White Bird In A Blizzard, film review: Rites-of-passage tale has a heartfelt quality

(15) Gregg Araki, 92 mins Starring: Shailene Woodley, Eva Green, Thomas Jane

Gregg Araki movies tend to be outrageous, provocative and cartoonish in their treatment of teen rebellion, angst and sexual confusion.

This rites-of-passage tale is as stylised and bizarre as its predecessors but has a heartfelt quality and tenderness that they have often lacked. Shailene Woodley (who tends to be seen in more mainstream films such as The Fault in Our Stars and Divergent) makes a thoroughly engaging heroine, rebellious, precocious and vulnerable by turns. She plays Katrina, a girl growing up in a seemingly conventional family in the suburbs.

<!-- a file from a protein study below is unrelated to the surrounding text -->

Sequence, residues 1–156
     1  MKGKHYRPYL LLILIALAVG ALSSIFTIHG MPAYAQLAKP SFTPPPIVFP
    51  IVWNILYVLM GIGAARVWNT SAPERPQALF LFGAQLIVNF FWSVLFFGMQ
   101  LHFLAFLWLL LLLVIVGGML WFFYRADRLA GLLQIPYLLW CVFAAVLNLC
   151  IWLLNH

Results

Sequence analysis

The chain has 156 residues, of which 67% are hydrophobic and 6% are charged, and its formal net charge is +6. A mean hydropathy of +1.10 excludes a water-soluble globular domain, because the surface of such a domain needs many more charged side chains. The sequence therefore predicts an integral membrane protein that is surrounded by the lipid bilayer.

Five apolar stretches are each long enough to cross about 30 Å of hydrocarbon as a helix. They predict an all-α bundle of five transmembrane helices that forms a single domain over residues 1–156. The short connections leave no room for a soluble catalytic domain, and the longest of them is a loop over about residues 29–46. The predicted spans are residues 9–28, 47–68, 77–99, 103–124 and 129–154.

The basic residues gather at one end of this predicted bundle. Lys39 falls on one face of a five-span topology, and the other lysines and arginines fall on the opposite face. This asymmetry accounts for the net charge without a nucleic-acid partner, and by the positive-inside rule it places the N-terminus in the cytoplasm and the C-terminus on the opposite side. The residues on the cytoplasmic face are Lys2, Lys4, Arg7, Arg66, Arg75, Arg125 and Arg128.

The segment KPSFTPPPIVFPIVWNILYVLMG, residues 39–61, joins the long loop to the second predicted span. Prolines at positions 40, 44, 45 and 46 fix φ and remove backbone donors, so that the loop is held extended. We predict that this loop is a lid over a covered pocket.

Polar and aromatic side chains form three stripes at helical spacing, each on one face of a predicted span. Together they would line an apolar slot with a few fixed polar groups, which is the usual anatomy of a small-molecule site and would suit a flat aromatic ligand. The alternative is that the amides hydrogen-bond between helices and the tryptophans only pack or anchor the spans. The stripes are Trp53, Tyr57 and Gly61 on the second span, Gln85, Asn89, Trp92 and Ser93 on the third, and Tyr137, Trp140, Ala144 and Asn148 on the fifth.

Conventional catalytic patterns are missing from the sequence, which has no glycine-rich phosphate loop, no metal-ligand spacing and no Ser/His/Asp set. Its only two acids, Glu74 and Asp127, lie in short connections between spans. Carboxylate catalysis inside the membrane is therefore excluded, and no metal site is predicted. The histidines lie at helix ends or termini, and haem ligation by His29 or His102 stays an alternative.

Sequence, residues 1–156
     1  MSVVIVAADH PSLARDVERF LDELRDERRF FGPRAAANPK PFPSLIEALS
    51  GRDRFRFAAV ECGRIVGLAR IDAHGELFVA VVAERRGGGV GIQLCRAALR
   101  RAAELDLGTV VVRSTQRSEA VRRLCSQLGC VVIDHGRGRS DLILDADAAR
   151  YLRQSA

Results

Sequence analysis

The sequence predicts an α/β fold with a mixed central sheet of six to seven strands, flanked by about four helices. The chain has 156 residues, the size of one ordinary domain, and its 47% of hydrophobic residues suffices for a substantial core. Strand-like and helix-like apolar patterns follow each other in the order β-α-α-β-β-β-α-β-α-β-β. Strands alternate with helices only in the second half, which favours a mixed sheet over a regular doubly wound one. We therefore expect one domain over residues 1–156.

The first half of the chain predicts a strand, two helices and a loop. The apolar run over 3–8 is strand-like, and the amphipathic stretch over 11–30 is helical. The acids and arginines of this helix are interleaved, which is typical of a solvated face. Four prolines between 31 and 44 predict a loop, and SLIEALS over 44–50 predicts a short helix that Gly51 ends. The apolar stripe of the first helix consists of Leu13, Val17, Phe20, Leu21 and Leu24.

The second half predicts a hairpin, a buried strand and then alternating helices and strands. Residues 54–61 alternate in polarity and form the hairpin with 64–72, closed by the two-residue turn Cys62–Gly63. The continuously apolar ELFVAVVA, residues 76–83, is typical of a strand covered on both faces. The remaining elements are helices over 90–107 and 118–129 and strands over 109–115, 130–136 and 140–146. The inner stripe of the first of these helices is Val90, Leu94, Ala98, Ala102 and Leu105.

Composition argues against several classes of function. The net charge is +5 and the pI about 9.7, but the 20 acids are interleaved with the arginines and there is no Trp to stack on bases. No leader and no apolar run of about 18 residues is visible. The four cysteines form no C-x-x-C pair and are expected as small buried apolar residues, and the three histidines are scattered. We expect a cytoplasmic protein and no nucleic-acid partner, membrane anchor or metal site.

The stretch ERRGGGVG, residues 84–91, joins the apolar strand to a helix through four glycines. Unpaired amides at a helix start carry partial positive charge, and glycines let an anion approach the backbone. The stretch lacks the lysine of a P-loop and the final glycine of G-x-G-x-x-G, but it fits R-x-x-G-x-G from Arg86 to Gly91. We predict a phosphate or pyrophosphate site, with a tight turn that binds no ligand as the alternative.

The hitch is that her mom Eve (a very flamboyant Eva Green) has vanished, leaving her home alone with her very straitlaced father (Christopher Meloni). We see plenty of Eve, both in dream sequences and in flashbacks.

Kat is having her first romantic adventures with Phil (Shiloh Fernandez), the good-looking but moronic boy next door, and with Detective Scieziesciez (Thomas Jane), the rugged cop assigned to investigate her mother's disappearance. Araki blends film noir-like elements with an engagingly offbeat, Adrian Mole-like look at adolescence.

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